I plan to use it as a daily runner for morning talk radio - produces the human voice with a nice warm tone.

WhiteSE
03-17-2008, 01:00 PM
That is a cool looking radio!!!

mhardy6647
03-17-2008, 01:38 PM
oh, you can open it... don't do it with it plugged in unless you're comfortable working with HV. That admonition would apply whether or not it's got an isolating transfomer in the P/S!

You can (and might well want to) buy an isolation transformer for bench use, testing, or routine use of a "killer" chassis radio or TV. You'll note that the knobs are plastic on the radio...

Aage
03-17-2008, 03:26 PM
Yeah, so when you test it, standing on a concrete floor in your wet bathing suit while picking up the chassis with your bare hands is Definitely Not Recommended! :smoke:

Jeffhs
03-20-2008, 04:35 PM
It's possible that there's an isolating 1:1 transformer in this set between you and the electric grid, but I don't think so...

My Zenith MJ-1035 has eleven tubes in two series strings, wired in parallel, with a filament transformer (if a tube burns out in one string it will darken half the tubes in the set, leaving the other string working as normal), so some of these radios were in fact designed with series-parallel filament strings. The 730's filaments may be wired series-parallel and powered through a transformer as well; this type of wiring would make sense in any radio with more than eight tubes, as the combined filament voltage of, say, an eleven-tube set would total well over 117 volts if there are two or more 50-volt tubes in the string. The filament circuit of the MJ-1035, for example, puts the radio's two 50EH5 audio output tubes on two separate strings.

As to a 1:1 transformer offering any kind of isolation from the power line, I agree with you; I don't think so. If one side of the power line is connected directly to the chassis, as in all AC/DC radios, the latter is definitely not isolated from the line, even by the transformer, unless the AC plug is inserted in the wall outlet such that the chassis is grounded. The problem with that is that there is a 50-50 chance of plugging the cord in so that the chassis is hot, rather than grounded; it is almost impossible to know for sure, as I am about to explain. The only way to know for certain is to use a common light bulb, with one side of the socket connected to the center screw of the outlet plate which is grounded. The other terminal is temporarily connected to each side of the wall socket in turn (by inserting the lead--carefully, of course--into either slot of the socket); the connection which causes the lamp to light to normal brightness indicates the hot side of the circuit. This test is almost infallible, unless the outlet was wired incorrectly. Today's strict and by-the-book electrical codes won't allow such a mistake to go unnoticed or uncorrected, but homes built in the '70s and earlier sometimes had cross-wired outlets; often, the problem was never corrected or even noticed until the wall socket had to be replaced, or other work was done on that circuit. As long as the outlets worked, they were left alone.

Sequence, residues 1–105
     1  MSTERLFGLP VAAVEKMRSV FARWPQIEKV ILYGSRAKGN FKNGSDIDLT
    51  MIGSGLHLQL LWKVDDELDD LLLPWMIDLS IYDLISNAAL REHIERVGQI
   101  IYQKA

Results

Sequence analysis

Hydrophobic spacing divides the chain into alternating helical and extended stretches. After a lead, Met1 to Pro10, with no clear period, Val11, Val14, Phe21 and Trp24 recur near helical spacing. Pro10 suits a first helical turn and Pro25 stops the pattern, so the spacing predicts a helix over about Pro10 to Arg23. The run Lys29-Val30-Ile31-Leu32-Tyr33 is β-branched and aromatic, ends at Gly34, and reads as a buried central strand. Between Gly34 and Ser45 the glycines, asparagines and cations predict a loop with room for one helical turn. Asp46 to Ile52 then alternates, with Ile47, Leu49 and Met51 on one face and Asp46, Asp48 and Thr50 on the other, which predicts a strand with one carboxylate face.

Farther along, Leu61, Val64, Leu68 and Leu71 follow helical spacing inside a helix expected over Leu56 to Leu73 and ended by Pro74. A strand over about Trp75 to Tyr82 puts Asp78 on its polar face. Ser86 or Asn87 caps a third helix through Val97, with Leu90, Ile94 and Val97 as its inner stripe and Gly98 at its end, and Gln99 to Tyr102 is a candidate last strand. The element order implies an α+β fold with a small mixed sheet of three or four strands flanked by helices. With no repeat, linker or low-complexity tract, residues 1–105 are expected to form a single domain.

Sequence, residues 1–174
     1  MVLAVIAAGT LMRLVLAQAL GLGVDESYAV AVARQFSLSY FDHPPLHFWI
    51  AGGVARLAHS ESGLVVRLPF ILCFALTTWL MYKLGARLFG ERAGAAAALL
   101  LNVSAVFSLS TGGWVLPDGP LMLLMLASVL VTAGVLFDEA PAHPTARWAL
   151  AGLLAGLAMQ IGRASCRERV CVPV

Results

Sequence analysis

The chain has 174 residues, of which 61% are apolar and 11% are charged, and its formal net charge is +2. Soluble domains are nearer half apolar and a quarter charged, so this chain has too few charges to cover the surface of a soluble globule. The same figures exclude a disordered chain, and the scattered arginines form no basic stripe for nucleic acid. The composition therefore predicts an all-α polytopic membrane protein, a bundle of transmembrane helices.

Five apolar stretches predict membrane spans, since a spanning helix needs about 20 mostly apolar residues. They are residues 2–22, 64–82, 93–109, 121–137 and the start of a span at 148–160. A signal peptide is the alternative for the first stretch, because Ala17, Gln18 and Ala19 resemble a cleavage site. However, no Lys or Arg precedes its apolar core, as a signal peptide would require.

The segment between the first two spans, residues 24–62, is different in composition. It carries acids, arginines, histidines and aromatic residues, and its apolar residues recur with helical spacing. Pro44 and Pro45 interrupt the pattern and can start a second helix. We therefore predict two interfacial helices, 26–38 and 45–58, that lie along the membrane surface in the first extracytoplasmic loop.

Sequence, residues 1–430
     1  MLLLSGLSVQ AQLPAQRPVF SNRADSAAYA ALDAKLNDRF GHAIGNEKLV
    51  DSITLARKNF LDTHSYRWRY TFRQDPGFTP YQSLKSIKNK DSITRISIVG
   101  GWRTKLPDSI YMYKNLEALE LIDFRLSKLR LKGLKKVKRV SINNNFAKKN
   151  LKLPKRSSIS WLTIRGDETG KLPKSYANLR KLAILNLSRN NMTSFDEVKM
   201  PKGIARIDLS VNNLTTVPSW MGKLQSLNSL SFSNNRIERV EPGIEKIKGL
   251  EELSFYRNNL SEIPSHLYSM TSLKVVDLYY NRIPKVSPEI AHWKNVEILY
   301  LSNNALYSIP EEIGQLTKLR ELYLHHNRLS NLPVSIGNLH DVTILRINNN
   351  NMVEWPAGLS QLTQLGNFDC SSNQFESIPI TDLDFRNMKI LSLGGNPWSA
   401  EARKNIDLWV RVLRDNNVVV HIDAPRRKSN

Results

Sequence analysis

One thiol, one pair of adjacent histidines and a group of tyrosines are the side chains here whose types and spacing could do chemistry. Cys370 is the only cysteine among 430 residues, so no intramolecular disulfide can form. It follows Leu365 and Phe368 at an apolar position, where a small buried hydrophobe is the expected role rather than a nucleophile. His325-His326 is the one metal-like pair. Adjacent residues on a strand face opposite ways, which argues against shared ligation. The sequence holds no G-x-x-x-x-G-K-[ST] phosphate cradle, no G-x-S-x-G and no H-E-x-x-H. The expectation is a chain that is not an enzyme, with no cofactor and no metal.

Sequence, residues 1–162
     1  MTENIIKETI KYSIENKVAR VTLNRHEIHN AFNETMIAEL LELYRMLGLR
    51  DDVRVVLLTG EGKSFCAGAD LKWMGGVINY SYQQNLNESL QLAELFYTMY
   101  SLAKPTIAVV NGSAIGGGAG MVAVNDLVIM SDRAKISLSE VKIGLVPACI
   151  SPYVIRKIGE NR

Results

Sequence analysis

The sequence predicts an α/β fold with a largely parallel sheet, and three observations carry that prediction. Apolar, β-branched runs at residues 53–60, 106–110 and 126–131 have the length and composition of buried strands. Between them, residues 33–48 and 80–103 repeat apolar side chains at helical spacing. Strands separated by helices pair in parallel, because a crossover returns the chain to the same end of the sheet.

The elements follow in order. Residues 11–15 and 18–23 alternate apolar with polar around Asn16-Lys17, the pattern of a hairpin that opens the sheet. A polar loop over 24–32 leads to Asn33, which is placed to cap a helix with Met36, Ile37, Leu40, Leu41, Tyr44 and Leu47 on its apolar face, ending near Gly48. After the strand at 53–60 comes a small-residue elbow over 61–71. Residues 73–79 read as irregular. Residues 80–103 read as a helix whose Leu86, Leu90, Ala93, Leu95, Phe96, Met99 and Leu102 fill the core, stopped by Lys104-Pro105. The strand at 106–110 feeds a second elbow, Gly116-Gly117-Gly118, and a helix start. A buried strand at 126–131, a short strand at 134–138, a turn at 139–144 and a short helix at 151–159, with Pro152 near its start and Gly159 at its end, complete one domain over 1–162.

anden
04-19-2008, 06:51 PM
These 7 & 8 tube Zeniths are indeed great.....starting in about 1955 they included electrostatic tweeters on either side of a 8 inch main speaker providing fantastic audio. Zenith changed to a 5 x 7 inch oval speaker with one electrostatic in about 1958......still sounded great.

Many folks think they date to the early fifties due to the last patent date being 1951, but they're later...the y832 & B835's are 1955-56 and the G730 is 1958. Then the popular K731 is about 1963.

Zenith really ended the era of tube radios with a bang ! I bought three today at a radio show - a H845 for $10, a K725 for $20 and a neat tube portable for $ 8. All work ! It was a good day.

Jeffhs
04-20-2008, 12:51 AM
These 7 & 8 tube Zeniths are indeed great.....starting in about 1955 they included electrostatic tweeters on either side of a 8 inch main speaker providing fantastic audio. Zenith changed to a 5 x 7 inch oval speaker with one electrostatic in about 1958......still sounded great.

Many folks think they date to the early fifties due to the last patent date being 1951, but they're later...the y832 & B835's are 1955-56 and the G730 is 1958. Then the popular K731 is about 1963.

Zenith really ended the era of tube radios with a bang ! I bought three today at a radio show - a H845 for $10, a K725 for $20 and a neat tube portable for $ 8. All work ! It was a good day.